New Year Celebration, Tendillas Square, Spain

Revelers often enjoy meals and snacks thought to bestow good luck for the coming year. In Spain and several other Spanish-speaking countries, people bolt down a dozen grapes-symbolizing their hopes for the months ahead-right before midnight.

In many parts of the world, traditional New Year’s dishes feature legumes, which are thought to resemble coins and herald future financial success; examples include lentils in Italy and black-eyed peas in the United States. Because pigs represent progress and prosperity in some cultures, pork appears on the New Year’s Eve table in Cuba, Austria, Hungary, Portugal and other countries.

New Year Celebration, Vienna, Austria.

In Sweden, it is believed that whoever gets that one peeled almond hidden inside the rice pudding at Christmas will get married within a year. the scoop.

 

In Sweden and Norway, meanwhile, rice pudding with an almond hidden inside is served on New Year’s Eve; it is said that whoever finds the nut can expect 12 months of good fortune.

The London Eye on the River Thames during New Year fireworks and celebrations. The Telegraph.

Other customs that are common worldwide include watching fireworks and singing songs to welcome the new year, including the ever-popular “Auld Lang Syne” in many English-speaking countries. The practice of making resolutions for the new year is thought to have first caught on among the ancient Babylonians, who made promises in order to earn the favor of the gods and start the year off on the right foot. (They would reportedly vow to pay off debts and return borrowed farm equipment.)

Chinese New Year, Victoria Harbour in Hong Kong. Photo-NBC News

New Year Celebration New York City’s Times Square. Photo- C. Morris.

In the United States, the most iconic New Year’s tradition is the dropping of a giant ball in New York City‘s Times Square at the stroke of midnight…Over time, the ball itself has ballooned from a 400-pound iron-and-wood orb to a brightly patterned sphere 12 feet in diameter and weighing in at nearly 12,000 pounds.”

WISHING EVERYONE A SAFE AND HAPPY NEW YEAR!

 

ESL Voices Lesson Plan for this post

NOTE: Lessons can also be used with native English speakers.

Level: Intermediate -Advanced

Language Skills: reading, writing, speaking,  vocabulary and grammar activities are included.

Time: approximately 2 hours.

Materials: Student handouts (from this lesson) access to news article.

Objective: Students will read and discuss the article about New Year’s celebrations with a focus on improving reading comprehension and learning new vocabulary. At the end of the lesson students will express their personal views on the topic through group work and writing.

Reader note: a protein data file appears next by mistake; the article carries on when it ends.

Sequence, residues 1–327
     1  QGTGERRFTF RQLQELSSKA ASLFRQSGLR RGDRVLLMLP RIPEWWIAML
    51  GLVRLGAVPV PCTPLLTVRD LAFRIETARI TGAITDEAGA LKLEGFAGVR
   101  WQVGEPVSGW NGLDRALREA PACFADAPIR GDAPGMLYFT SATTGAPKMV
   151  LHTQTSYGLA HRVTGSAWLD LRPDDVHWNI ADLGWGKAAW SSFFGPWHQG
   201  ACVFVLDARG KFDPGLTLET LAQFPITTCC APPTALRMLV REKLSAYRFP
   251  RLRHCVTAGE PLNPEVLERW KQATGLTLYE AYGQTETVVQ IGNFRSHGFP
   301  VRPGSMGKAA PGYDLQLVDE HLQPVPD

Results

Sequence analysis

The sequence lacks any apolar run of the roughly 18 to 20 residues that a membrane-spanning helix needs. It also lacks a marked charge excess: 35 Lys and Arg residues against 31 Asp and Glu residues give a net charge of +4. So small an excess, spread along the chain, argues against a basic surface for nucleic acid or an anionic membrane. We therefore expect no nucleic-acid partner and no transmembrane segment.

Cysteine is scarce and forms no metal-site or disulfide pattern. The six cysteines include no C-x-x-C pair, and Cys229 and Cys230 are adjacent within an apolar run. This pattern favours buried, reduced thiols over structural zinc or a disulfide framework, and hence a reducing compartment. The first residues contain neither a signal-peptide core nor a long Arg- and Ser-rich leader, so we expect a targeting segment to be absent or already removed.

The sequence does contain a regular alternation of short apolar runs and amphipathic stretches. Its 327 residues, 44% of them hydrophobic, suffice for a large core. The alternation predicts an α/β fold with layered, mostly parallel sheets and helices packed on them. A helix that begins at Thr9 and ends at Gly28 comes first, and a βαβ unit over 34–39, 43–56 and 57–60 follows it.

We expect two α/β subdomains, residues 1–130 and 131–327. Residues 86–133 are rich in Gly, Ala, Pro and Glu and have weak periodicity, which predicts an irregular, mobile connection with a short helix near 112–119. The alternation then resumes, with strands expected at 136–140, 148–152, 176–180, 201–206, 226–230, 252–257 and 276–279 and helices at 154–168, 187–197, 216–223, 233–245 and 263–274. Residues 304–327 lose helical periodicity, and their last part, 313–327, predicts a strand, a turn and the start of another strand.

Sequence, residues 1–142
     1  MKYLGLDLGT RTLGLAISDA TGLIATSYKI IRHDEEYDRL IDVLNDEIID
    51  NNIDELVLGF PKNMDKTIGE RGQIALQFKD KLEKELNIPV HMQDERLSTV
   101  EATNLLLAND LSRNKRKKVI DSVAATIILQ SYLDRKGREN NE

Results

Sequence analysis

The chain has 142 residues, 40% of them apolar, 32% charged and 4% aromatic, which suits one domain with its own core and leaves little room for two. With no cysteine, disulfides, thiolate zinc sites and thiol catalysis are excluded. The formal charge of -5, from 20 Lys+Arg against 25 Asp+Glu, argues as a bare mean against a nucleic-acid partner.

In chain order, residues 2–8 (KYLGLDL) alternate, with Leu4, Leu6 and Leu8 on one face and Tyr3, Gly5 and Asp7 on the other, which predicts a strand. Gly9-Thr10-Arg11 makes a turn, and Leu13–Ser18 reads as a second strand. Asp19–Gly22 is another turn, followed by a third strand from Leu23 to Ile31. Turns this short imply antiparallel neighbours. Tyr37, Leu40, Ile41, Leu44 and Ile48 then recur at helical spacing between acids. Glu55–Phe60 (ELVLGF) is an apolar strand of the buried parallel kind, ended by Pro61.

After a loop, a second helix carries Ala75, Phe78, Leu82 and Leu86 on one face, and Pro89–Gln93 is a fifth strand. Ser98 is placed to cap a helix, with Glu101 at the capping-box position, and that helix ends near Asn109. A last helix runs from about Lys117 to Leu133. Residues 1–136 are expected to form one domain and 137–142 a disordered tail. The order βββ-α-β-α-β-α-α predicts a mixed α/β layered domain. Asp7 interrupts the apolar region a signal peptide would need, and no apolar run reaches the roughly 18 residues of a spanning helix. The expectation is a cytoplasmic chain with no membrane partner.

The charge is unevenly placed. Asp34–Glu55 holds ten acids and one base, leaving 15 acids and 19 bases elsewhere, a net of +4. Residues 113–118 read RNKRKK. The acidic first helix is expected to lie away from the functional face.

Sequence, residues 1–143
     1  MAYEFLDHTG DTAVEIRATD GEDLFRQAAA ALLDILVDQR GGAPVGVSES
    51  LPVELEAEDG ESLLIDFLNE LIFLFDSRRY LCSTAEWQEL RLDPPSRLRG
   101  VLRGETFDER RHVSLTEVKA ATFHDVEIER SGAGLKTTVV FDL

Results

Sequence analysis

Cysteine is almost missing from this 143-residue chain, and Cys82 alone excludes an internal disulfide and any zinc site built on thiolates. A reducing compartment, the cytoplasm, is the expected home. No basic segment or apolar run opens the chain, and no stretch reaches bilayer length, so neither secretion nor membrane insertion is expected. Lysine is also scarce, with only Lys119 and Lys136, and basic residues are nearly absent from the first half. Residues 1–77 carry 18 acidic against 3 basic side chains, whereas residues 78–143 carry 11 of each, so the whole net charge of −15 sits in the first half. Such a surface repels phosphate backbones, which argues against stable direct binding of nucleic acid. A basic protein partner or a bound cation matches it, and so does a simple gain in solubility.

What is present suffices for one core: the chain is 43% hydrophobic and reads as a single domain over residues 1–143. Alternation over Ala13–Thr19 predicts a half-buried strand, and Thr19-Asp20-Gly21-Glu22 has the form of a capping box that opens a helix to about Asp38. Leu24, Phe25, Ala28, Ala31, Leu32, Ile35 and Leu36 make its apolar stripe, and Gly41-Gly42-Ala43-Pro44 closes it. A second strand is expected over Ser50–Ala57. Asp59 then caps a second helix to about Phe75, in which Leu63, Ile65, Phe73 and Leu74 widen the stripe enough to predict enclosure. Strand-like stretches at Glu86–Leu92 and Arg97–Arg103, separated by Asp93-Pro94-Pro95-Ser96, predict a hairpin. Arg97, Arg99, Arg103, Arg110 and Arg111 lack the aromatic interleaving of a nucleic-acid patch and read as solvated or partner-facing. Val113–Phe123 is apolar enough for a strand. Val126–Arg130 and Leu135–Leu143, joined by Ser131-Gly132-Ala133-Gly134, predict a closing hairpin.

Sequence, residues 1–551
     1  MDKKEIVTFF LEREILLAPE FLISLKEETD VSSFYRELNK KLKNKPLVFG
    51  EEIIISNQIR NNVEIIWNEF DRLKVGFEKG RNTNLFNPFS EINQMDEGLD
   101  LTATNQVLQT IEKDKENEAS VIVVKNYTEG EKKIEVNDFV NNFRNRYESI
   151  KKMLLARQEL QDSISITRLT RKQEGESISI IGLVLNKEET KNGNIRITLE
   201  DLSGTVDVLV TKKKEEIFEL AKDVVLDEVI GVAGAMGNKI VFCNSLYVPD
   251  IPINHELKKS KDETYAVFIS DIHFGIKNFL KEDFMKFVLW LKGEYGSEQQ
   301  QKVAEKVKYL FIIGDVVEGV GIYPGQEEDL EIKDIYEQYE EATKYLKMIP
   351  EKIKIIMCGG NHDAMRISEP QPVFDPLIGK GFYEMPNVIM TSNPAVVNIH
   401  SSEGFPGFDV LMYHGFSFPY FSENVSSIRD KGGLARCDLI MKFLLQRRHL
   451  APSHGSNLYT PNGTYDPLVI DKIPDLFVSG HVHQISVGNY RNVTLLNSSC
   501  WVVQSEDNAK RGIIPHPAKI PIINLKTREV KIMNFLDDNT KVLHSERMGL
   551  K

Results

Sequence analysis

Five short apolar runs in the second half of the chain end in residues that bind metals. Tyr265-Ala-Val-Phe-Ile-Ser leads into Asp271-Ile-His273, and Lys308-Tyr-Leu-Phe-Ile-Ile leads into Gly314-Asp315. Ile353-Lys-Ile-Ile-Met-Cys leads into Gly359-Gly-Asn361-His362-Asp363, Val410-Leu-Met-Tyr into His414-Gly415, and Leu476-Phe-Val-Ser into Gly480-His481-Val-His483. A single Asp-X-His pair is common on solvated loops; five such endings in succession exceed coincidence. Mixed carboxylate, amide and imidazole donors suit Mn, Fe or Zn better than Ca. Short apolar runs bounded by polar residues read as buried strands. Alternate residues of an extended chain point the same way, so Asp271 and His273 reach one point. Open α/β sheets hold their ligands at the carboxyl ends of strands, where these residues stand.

I. Pre-Reading Task

Prediction: Analyze headings and photos.

Directions: Read the title of the post, and article.  Analyze the photo(s) to see if  you can predict what  information the article will discuss.  Then based on this information,  make a list of ideas,  words and phrases that might be in the article.

The K-W-L Chart

Directions: Have students use the KWL chart to list the information they already know about New Year’s celebrations.  Later in the Post- Reading segment of the lesson, students can fill in what they’ve learned about the topic.

Pre-reading chart by J. Swann

 

II. While Reading Activities

 

Vocabulary: Word Inference

Directions: Students are to infer the meanings of the words in bold taken from the article. They may use a dictionary, thesaurus, and Word Chart for assistance.

  1. Civilizations around the world have been celebrating the start of each new year for at least four millennia.
  2. Today, most New Year’s festivities begin on December 31st.
  3. New Year’s Eve is the last day of the Gregorian calendar.
  4. Common traditions include attending parties, and eating special New Year’s foods.
  5. Other traditions include making resolutions for the new year and watching fireworks displays.
  6. The earliest recorded festivities date back some 4,000 years to ancient Babylon.
  7. Throughout antiquity, civilizations around the world developed increasingly sophisticated calendars.
  8. The calendars would pin the first day of the year to an agricultural or astronomical event.
  9. In Egypt the year began with the annual flooding of the Nile, which coincided with the rising of the star Sirius.
  10. The first day of the Chinese new year, meanwhile, occurred with the second new moon after the winter solstice.

Vocabulary Organizer by Against the Odds

 

Reading Comprehension

True /False/NA-Statements

Directions: Review the following statements from the reading.  If  a statement is true they mark it T. If the statement is  not applicable, they mark it NA. If the statement is false they  mark  it F and provide the correct answer.